In ordinary defamation cases, proving malice is a straightforward affair because the statement at issue is only capable of being understood in a defamatory sense and the only question is whether the speaker knew the statement was false (or acted with reckless disregard to its falsity). Conversely, in defamation-by-implication cases, the allegedly defamatory statement has two possible meanings: one that is defamatory and one that is not. This complicates the malice inquiry because the speaker may or may not have intended to imply the defamatory meaning.
Recently, the Third Circuit had the opportunity to consider (1) whether the actual malice standard applies differently in defamation-by-implication cases such that more than knowledge of falsity or reckless disregard for truth is required and (2) if the standard is different, can a plaintiff can satisfy the actual malice standard by showing defendant’s mere awareness of a defamatory implication and reckless disregard of that implication or whether plaintiff must show actual intent to convey a defamatory meaning.
The Third Circuit agreed with several other circuits that plaintiffs in defamation-by-implication cases must show something beyond knowledge of, or recklessness in regard to, the FALSITY of the statement’s defamatory
Former judge Leon Kendall failed to prove malice in #defamation case against The Daily News, says 3d Circuit. http://t.co/2OAp2hsMbu
— Lee E. Berlik (@LeeBerlik) March 13, 2013
meaning. Plaintiff must show that defendant acted with improper motive. In ordinary defamation cases, plaintiff can show intent to defame solely through knowledge that the statement was false. In defamation-by-implication cases where the statement can have a non-defamatory meaning, showing falsity alone is inadequate to establish intent to defame. In these cases, plaintiff must show something that establishes defendants’ intent to communicate the defamatory meaning.
The Third Circuit apparently breaks down the malice requirement into two elements in defamation by implication cases, separating out a falsity element with a “communicative intent” element. According to the court, the falsity element refers to the extent to which a defendant must be aware that the defamatory meaning of his statement is false, and the communicative-intent element refers to the extent to which defendants must be aware of the defamatory meaning of their statement.
To me, that sounds like an unnecessarily confusing way to describe the malice test. After all, if a defendant was aware the defamatory meaning was false, then he necessarily knew the defamatory meaning existed. The test makes more sense if you examine communicative intent first. Thus, in defamation-by-implication cases, falsity shouldn’t even come into play until a threshold determination has been made that the defendant intended to communicate a statement with defamatory meaning (or, as this court held, at least knew the statement was capable of being understood in a defamatory sense).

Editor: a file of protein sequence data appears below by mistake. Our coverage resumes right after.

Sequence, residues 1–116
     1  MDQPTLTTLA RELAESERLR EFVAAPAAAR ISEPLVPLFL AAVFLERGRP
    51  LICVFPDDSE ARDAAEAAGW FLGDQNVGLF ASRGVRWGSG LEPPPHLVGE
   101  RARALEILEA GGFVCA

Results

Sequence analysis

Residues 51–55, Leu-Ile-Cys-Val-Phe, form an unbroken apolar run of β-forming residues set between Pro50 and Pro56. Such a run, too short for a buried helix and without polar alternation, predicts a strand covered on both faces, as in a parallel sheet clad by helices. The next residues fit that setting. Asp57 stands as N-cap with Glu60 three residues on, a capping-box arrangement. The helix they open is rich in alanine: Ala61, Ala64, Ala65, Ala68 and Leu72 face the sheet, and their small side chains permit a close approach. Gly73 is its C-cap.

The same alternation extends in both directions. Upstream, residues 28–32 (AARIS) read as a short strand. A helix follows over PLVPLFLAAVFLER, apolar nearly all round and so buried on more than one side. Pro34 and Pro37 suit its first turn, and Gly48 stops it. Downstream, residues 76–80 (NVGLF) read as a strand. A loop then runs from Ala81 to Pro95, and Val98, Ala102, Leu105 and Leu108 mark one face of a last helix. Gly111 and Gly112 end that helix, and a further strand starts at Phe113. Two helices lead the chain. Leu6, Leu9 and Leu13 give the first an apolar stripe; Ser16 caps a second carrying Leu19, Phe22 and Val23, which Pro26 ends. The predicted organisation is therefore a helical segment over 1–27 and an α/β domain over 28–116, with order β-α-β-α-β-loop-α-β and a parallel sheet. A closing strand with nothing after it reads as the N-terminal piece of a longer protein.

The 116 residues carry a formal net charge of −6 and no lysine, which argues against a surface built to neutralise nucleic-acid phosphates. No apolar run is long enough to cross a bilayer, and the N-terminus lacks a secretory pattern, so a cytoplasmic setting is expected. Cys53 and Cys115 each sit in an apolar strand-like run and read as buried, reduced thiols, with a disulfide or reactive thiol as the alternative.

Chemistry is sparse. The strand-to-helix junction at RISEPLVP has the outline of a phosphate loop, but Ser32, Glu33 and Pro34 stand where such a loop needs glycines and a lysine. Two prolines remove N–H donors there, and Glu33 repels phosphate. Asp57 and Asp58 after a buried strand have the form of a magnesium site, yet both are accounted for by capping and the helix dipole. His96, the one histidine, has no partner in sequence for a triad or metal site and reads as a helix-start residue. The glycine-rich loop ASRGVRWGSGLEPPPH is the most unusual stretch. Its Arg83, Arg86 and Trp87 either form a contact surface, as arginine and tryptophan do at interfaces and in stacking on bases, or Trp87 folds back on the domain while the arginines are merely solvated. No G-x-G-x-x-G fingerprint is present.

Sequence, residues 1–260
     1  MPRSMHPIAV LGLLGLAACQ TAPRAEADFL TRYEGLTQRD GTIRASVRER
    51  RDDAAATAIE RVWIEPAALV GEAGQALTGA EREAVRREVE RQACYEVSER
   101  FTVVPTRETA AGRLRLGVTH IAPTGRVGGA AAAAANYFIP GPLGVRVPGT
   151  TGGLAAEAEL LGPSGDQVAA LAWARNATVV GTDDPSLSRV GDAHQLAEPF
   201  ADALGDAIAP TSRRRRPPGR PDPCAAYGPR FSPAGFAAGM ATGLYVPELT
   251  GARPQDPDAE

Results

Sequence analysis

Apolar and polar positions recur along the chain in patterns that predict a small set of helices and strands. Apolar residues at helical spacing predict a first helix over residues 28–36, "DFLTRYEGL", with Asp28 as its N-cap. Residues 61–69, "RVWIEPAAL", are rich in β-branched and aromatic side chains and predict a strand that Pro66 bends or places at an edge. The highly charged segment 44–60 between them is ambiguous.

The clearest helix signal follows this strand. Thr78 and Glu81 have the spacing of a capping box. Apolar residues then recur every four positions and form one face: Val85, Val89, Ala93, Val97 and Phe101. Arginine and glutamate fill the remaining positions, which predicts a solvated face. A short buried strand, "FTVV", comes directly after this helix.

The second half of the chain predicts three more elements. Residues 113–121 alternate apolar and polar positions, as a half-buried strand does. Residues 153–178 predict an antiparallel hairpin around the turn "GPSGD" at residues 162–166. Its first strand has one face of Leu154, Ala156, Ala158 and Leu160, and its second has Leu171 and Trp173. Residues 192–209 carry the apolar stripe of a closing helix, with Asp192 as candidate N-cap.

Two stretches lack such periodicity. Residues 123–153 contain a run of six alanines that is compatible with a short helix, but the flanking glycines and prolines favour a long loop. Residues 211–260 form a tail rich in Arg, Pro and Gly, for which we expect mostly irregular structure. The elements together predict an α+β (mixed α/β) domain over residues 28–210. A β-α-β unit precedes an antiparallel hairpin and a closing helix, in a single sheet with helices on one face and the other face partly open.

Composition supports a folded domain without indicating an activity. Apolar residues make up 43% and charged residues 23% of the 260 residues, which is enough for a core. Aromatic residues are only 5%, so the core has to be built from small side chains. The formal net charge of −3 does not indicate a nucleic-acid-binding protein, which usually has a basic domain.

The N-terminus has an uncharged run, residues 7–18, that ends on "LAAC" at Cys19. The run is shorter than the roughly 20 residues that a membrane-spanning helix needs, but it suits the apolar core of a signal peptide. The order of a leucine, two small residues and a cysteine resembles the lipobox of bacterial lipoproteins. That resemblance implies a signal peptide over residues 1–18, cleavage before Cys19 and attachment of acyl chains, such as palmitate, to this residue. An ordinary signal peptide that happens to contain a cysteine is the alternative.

The court held that a plaintiff can show communicative intent by demonstrating that the defendant either intended to communicate that defamatory meaning or knew of the defamatory meaning and acted in reckless disregard of it. The court found that this approach follows from the Supreme Court’s inclusion of recklessness in the actual malice standard. The Supreme Court has noted that actual malice is a term of art, a shorthand phrase used to describe the First Amendment protections for speech injurious to reputation. The Court has described reckless disregard as the line between protected false communications and unprotected false communications. The Third Circuit found that recklessness is the outer limit of actual malice and that the communicative intent element of actual malice in defamation-by-implication cases can be satisfied by reckless disregard for the defamatory meaning of a statement.
Other circuits also support this approach, stating that to find actual malice in defamation-by-implication cases, the plaintiff must show that defendants intended or knew of the implication that the plaintiff attempts to draw from the allegedly defamatory material. The Third Circuit interpreted the phrase “knew of” to imply recklessness and used the term “recklessness” in its own standard believing that it conforms more closely to the Supreme Court’s definition of actual malice. The court found that recklessness requires that the defendants knew that the defamatory meaning was not just possibly but likely and still made the statement despite the knowledge of that likelihood.